NIOSHTIC-2 Publications Search
Confined space fatality at a wastewater treatment plant in Indiana, June 6, 1987.
Morgantown, WV: U.S. Department of Health and Human Services, Public Health Service, Centers for Disease Control, National Institute for Occupational Safety and Health, FACE 87-46, 1987 Jun; :1-6
A maintenance worker died in a wet well, 27 feet long by 18 feet wide by 26 feet deep, of a wastewater treatment facility. He had entered it to clean the bar screen filtering raw sewage. He did not use a safety harness nor did he have a coworker with him. Before raw sewage entered the well, it was supposed to pass through a comminuter which pulverized large debris. This had been shut down, leaving the bar screen to remove large objects. Due to equipment problems, the wet well was receiving extra sludge. The victim had cleaned the screen four times during part of his shift. He apparently entered the well a fifth time and was found submerged in the trough an hour later by a coworker. Blood toxicology screen and serum levels of antiepileptic drugs were pending; the victim was an epileptic whose condition had been under control. A knee fracture indicated a fall of at least 5 feet. Cause of death was listed as aspiration of foreign material. Safety issues were informally communicated during personnel meetings every 4 to 6 months, at which time importance of using a gas detection meter, use of safety harness and ropes, and positioning of a coworker at entrances to confined spaces were discussed. Recommendations included maintenance of equipment (such as the comminuter) in proper operating condition, initiation of a comprehensive policy and procedure for confined space entry, enforcement of safety regulations, and preplacement and periodic physical examinations of those required to enter confined spaces.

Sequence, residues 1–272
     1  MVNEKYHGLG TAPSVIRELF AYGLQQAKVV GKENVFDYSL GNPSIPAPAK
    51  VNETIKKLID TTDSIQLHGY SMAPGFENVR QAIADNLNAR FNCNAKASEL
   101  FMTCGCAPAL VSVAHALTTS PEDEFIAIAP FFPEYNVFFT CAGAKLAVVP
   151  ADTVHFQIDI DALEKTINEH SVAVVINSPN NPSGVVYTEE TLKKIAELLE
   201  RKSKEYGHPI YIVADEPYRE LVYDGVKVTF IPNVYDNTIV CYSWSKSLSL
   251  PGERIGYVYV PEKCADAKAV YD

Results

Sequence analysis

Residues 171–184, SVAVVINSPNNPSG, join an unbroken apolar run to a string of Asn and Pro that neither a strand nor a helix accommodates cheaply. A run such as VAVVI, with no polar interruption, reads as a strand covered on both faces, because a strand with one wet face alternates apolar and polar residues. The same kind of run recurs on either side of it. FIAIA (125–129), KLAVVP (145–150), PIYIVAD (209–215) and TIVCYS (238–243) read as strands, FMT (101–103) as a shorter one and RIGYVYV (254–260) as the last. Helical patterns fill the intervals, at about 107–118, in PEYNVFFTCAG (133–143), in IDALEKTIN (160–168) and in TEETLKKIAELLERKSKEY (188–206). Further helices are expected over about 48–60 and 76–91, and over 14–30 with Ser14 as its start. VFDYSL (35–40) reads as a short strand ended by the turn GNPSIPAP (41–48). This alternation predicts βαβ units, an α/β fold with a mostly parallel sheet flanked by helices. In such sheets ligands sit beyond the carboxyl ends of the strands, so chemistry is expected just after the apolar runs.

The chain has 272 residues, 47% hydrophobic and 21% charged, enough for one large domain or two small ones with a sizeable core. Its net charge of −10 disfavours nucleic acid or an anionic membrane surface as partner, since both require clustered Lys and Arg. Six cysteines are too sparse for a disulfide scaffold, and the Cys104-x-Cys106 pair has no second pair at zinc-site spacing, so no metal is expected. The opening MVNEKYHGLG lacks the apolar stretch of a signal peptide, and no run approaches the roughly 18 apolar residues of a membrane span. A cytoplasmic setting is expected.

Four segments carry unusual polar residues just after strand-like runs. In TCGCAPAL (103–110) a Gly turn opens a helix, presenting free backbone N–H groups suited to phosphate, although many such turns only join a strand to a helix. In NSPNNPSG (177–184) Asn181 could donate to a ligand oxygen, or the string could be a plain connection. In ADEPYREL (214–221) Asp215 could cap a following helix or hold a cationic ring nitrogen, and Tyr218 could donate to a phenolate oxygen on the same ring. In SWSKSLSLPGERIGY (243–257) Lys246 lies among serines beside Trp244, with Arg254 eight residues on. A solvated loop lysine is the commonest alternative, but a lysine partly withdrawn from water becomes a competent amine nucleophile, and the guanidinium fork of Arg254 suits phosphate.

NIOSH-Author; FACE-87-46; Region-5; Accident-analysis; Accident-prevention; Maintenance-workers; Sewer-cleaning; Sewage-industry; Waste-treatment; Sewage-treatment; Confined-spaces; Respiratory-protective-equipment
Field Studies; Fatality Assessment and Control Evaluation
NTIS Accession No.
National Institute for Occupational Safety and Health
Page last reviewed: September 2, 2020
Content source: National Institute for Occupational Safety and Health Education and Information Division